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Apply to be a Dispatcher

Consolidated Towing is always accepting applications for qualified individuals.

Please read the following job description before contacting us regarding employment. Should you decide to complete an application, you will find the link at the bottom of the page.

Applications can be emailed or delivered by hand. All applications require a signature, so will eventually need to be signed. We love “in person” delivery, so we can put a face with a name whenever possible. Although resumes are always appreciated, they cannot be accepted in lieu of a completed application.


Consolidated Towing is staffed 24/7 with drivers and dispatch. We currently answer phones and dispatch for not only our company, but several others around the state of Oregon. As such, dispatchers are required to learn not only the guidelines of our company, but the policies and procedures for our dispatch accounts as well.

The dispatching for other companies generally is limited to after regular business hours, weekends and holidays. While all dispatchers are familiar with the after- hours accounts, some have a very limited exposure to them, while others work on seemingly nothing else!

Dispatchers are the “face behind the phone” and start every interaction between the company and the customer. Phone calls vary in their type and length, depending on the needs of the party on the other end. We often say that “nobody wakes up and wants to call a tow company” on any given day, but hearing a helpful, friendly voice on the phone makes even a bad situation, Tolerable.

Phone calls for service come from a variety of sources. Those sources include the motoring public, 3 rd party companies, fleet or maintenance personnel and law enforcement. Regardless of the source, the ability to get the correct information from the caller is essential.

Most people have limited experience calling a tow company. Many know little or nothing about what to say, but they know they want “the company with the orange trucks” and its dispatch’s job to make that happen. Phone calls are a careful balance of getting the information quickly (to get help to them faster) and listening to the customer’s frustrations about what is wrong with their car.


Dispatching can be very hectic. Multi-tasking skills are essential. Dispatchers’ phone work includes incoming breakdown calls, follow-up calls and driver status calls, just to name a few. Utilizing the “hold” button to balance all of this helps maintain control and puts the dispatcher in charge. Other calls deal with vehicles that have been towed to our yard or people looking for a car that they “think” has been towed.

Team Orange doesn’t apply to just the drivers. It is a moniker that encompasses everyone in the company. We work each and every day as a team, talking back and forth about virtually every tow call and driver on any given shift. Supervisors are available 24/7 to answer questions when needed. It is important that dispatchers realize that not every situation is “controlled by the clock” and there are times when it will be necessary to stay on duty to help a co-worker through a hectic time or perhaps back them up when they are in the middle of a complicated situation.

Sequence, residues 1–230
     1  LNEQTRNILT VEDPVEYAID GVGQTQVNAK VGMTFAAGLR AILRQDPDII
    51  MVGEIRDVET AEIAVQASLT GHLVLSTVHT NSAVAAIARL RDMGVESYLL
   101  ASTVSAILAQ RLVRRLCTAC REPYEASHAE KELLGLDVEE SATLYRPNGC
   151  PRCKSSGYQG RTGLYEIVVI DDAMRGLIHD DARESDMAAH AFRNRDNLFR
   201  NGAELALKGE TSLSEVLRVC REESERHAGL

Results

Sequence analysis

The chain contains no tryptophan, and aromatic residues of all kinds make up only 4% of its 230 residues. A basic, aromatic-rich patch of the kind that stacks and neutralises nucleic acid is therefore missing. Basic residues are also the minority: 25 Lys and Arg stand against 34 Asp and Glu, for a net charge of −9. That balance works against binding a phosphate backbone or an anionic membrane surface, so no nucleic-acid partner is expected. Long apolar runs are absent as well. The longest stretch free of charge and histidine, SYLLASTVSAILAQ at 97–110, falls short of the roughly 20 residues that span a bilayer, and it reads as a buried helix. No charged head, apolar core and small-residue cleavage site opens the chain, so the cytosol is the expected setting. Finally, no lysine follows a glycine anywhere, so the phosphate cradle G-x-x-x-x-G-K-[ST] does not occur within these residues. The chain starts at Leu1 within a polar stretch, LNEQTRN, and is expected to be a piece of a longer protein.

As stated, this is a 24/7 business that is staffed every hour of every day in Dispatch.

Schedules are not rotating, but set in advance when hired. Schedules are posted weekly and include the following typical shifts:

Days (8a-7p)
Swing (2p – midnight)
Graveyard (midnight – 8a)


  • Applicants must pass a 15-year criminal background check in order to dispatch for any police contracts (this is done at the interview stage)
  • Applicants will be required to perform a pre-employment drug screen after the interview and background check and be subject to random screenings throughout their employment.
  • Applicants must be able to write legibly and spell correctly. Information on dispatch cards is handwritten before being entered into the computer. Dispatch cards are not only used by co-workers but seen by our accounts.
  • Applicants must be able to type a minimum of 35wpm (a typing test will be administered) and be familiar with computers. The ability to enter information off of a dispatch card quickly and accurately is crucial.
  • Applicants should be detail-oriented and organized. They should know what it takes to share a workspace and that everyone is responsible for keeping it clean and functional.
  • Applicants should be prepared for long periods of sitting.


Since dispatching is done via the phone and computer, the possibility of remote work is high. Dispatchers who wish to work remotely must plan on “in office” training prior to this stage. Training time is based on skills and experience but would be no less than 6 months. Remote work requires a full “work station” in the remote location, which most importantly means space available for phones, computers and office hardware.